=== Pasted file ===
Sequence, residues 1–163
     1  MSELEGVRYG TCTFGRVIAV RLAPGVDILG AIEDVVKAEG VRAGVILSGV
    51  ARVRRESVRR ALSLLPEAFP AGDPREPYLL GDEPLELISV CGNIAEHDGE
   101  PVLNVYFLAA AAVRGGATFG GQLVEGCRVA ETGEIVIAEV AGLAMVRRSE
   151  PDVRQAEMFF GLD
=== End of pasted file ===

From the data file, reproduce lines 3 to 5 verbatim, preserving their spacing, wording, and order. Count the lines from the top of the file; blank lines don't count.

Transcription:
    51  ARVRRESVRR ALSLLPEAFP AGDPREPYLL GDEPLELISV CGNIAEHDGE
   101  PVLNVYFLAA AAVRGGATFG GQLVEGCRVA ETGEIVIAEV AGLAMVRRSE
   151  PDVRQAEMFF GLD